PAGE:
Here’s a representative sample of their feedback.
Charles: “Why do they still do that ‘get-up-and-go-check-on-something’ rigmarole?”
Jim: “The worst part for me is to do all the homework and have the facts and figures
with me, and still have a sales/finance manager talk to me like I’m stupid!”
Dianne: “Because I am a woman, most dealerships suffer from ‘dumb-broad syndrome’
and assume I know squat. I surprised a few salesmen by knowing more than they did about the car.”
Kelly: “Don’t ever ask me ‘if I am the sole decision-maker’ in my household if I am the
only person at the dealership test-driving the vehicle. No sale for that salesperson!”
Stephen: “Getting the runaround on the phone when calling with an offer based on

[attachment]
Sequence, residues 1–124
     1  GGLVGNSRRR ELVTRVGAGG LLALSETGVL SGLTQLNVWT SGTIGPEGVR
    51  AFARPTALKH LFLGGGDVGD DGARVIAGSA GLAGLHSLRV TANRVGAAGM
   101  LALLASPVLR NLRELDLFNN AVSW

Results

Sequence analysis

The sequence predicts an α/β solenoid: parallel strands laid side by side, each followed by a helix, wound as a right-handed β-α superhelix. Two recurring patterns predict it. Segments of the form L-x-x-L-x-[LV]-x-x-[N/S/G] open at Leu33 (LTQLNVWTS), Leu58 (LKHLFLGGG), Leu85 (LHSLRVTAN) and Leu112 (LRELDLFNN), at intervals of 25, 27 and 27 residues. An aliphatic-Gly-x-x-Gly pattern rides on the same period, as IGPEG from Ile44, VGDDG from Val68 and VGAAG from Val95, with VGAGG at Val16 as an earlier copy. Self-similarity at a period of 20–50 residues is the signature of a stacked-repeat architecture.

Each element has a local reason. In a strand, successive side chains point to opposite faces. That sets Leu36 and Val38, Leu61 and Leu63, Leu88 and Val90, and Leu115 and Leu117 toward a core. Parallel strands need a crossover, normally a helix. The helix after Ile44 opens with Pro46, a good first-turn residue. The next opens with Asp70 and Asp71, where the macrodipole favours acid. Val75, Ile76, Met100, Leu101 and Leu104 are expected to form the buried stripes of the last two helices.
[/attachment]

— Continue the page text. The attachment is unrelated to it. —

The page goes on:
Internet pricing. They always say that you really need to come in to talk price, which is a huge time dump.”
The most positive comments came from buyers who did their homework. “I researched the real price of the car,” Kevin said. “Coming from a position of strength and knowledge helped a great deal. And be willing to walk out, and make it clear you will.”
Several also reported good experiences by avoiding the haggling experience entirely, by either buying at a fixed-price location such as CarMax or Costco, or by getting up-front dealer pricing information from a service such as TrueCar or the Consumer Reports Build & Buy service.
This article also appears in the April 2014 issue of Consumer Reports magazine.